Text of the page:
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Weekly Word

Entries in Pharisees (1)

Tuesday
Mar102015

Invitation to a Supper

Today we will be looking at Luke 14:1-14.

The setting of our passage today is a Sabbath meal to which Jesus has been invited by a high-ranking Pharisee in Israel.  This is going to give rise to several teachings by Jesus that we will look at over the next several weeks.  This supper will give rise to the wonderful truth that God is inviting us to participate in a marriage supper that He is preparing for His Son.  However, in this case, God allows us to participate in our own invitation.  He in a sense invites everyone who will believe upon His Son, what he taught, what he foretold, and what he accomplished.  Thus only those who properly respond to the open invitation are allowed in to the meal.  In fact, we could say that the presence of Jesus within Israel was technically a wedding feast that went horribly awry.

Legalism Binds Us

As we look at the passage we are at the meal where Jesus sits with a ruling Pharisee and all the others he has invited.  Now the problem with the Pharisees was that they were very legalistic.  They focused upon the letter of the law to the exclusion of the spirit of the Law.  When we are focused upon the letter of the law we really want to know what we can get away with and what we can’t.  It is not about wanting to please God, but rather about wanting to please self without getting in trouble.  However, when we ask ourselves why God gave a certain law, we are drawn into His heart and purposes.  Legalism tends to bind us to things that actually run counter to the purposes and the heart of God.  In fact several are on display at this meal.

First, legalism bound them to looking at each other wrongly.  It says in verse one that they watched him closely.  Now it is not wrong to watch our brother if we are doing it in a humble way that serves him.  We would normally call this “watching out” for our brother.  But legalism binds us to watching our brother for the sole purpose of finding fault.  God wants us to watch each other’s back rather than become nit-pickers.  Most legalists have forgotten that they not only were sinners but are still sinners in need of God’s grace.  Yet, there is one caution here.  It is common today to believe that anyone who points out a problem in our life is being mean-spirited and a legalist.  This is not true.  A true brother will not only watch his brother’s back, but also warn him about pitfalls in front of him.  The legalist does this because they take joy in putting you down a peg or too (i.e. raising themselves).  But the true brother does this because they don’t want to see you killed.  Even then, a true brother realizes that they are not their brother’s Lord.  They will remain humble and stand beside you not over you.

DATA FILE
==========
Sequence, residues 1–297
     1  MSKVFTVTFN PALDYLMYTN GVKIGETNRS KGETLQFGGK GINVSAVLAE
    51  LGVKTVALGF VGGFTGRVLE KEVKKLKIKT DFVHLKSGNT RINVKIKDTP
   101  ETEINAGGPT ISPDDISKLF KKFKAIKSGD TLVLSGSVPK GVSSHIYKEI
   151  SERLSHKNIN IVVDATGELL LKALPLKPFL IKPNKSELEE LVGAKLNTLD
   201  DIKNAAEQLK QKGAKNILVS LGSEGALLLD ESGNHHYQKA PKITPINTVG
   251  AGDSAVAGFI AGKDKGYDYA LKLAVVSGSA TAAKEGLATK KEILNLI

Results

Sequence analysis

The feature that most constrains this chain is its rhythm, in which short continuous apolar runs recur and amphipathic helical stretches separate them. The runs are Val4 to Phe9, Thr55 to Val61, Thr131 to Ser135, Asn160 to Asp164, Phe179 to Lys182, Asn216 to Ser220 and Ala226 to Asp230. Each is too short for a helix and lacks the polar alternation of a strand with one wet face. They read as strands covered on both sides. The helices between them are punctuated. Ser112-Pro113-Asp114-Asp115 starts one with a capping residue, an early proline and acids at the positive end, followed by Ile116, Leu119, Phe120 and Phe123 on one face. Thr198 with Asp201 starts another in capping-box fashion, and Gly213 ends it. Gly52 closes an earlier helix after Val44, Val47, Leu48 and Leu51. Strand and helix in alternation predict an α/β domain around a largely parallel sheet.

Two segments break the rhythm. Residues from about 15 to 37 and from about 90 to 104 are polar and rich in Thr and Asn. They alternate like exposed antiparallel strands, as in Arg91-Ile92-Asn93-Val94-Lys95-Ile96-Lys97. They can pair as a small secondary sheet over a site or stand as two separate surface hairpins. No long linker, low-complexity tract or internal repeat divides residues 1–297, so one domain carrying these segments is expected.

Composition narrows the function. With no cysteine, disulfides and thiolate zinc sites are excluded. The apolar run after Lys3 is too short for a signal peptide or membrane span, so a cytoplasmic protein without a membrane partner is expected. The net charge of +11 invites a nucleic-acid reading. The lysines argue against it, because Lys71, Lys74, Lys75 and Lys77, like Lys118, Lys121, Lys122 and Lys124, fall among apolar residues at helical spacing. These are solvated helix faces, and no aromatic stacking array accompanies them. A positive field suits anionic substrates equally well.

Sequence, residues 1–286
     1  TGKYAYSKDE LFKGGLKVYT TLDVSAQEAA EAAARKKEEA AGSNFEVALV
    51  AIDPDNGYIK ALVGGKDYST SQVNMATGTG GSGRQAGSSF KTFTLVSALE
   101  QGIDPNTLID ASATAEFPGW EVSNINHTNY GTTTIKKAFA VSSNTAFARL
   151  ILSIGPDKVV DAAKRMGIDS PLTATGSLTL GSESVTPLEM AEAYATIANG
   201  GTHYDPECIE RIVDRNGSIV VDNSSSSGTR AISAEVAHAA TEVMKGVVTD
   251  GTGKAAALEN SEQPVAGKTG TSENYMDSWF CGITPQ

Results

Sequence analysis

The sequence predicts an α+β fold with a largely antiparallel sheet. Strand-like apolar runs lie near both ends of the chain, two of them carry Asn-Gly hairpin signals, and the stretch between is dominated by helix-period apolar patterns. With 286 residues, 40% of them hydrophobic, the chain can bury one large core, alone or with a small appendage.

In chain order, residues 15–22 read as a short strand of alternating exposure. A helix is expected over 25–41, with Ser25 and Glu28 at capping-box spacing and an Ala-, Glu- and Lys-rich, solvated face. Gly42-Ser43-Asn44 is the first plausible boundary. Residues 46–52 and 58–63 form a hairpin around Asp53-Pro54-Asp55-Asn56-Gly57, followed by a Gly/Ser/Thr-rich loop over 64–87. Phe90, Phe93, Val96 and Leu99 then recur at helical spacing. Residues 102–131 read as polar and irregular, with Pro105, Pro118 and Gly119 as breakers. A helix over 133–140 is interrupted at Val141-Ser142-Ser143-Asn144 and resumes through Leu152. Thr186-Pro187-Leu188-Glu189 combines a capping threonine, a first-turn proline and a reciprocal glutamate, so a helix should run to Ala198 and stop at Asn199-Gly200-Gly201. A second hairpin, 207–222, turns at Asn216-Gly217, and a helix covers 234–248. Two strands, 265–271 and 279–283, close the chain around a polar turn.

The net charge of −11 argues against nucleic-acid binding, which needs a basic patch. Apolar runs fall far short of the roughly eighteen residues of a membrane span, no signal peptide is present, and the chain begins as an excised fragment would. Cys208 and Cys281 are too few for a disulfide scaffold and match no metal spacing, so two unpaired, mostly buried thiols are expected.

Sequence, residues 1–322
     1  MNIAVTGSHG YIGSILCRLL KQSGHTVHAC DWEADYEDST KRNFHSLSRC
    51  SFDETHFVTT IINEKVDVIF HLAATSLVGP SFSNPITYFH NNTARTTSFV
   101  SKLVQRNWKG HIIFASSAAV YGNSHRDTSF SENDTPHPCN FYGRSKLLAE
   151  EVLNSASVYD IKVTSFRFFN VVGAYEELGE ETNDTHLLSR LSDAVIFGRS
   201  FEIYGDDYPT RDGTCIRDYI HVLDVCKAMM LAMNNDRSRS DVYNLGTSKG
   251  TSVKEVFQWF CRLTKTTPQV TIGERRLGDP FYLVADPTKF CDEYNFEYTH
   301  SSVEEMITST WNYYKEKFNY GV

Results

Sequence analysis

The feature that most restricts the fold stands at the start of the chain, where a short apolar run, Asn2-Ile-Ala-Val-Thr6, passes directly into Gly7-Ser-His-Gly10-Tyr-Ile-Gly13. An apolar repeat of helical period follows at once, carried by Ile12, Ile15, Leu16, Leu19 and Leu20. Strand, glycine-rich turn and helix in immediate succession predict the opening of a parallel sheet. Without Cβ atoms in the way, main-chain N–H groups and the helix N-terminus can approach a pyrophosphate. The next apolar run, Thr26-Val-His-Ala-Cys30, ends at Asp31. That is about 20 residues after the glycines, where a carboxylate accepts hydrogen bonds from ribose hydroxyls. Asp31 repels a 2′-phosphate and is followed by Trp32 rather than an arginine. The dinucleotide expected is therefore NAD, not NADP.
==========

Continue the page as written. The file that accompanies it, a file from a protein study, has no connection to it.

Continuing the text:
Legalism also binds us to misunderstandings about God’s purposes.  It just happens that a man who has dropsy (a condition where the body is swollen with fluid) is sat across from Jesus on the Sabbath.  Now we know why they were watching him like a hawk.  This meal was a set-up in order to find fault with Jesus.   You see, the Pharisees had developed an interpretation of the Sabbath laws that saw healing as a form of work.  I’ve talked about this in greater depth before.  They saw the Sabbath primarily as a restriction upon us.  Thus it was a bleak and difficult day in which we couldn’t enjoy a lot of good things.  However, God did not give the Sabbath to restrict man.  The word Sabbath means rest.  God wanted his people to quit being driven seven days a week as if they had no hope in God.  The Sabbath was supposed to be a day of rest and “smelling the roses.”  It was a day to gather with friends and family, and give glory to God for His great benefits.  It was about declaring God as our ultimate source rather than our own hand.  Thus God’s purpose was not to prevent us or restrict us from helping each other when one was sick or in need.  But, the Pharisees couldn’t see this.

Legalism also binds us to treating one another as less than human (in fact, less than animal).  After Jesus boldly heals the man of his condition and sends him away, he then challenges them.  If they had a donkey or ox fall into a pit on the Sabbath, every one of them would “work” to pull it out.  But they wouldn’t do a similar thing for this man.  Whenever you see people being treated as animals or especially less than animals, you know that the enemy of mankind has been at work twisting the minds of those involved.  Today we have become a people who will obsess over the death of certain animals and yet not blink an eye at the murder of countless unborn babies.  This dehumanizing of groups is the mode of operation of the devil and those who listen to him.

Humble Yourself Before God And Man